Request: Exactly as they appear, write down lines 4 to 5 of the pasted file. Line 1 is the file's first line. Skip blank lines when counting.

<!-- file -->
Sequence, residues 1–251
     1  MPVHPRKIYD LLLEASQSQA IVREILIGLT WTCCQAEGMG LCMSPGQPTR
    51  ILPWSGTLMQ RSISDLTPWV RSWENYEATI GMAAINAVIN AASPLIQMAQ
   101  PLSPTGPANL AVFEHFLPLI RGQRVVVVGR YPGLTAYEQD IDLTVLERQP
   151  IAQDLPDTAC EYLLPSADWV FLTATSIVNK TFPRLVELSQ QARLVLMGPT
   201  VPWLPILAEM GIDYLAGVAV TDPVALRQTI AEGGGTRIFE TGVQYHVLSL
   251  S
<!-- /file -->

   101  PLSPTGPANL AVFEHFLPLI RGQRVVVVGR YPGLTAYEQD IDLTVLERQP
   151  IAQDLPDTAC EYLLPSADWV FLTATSIVNK TFPRLVELSQ QARLVLMGPT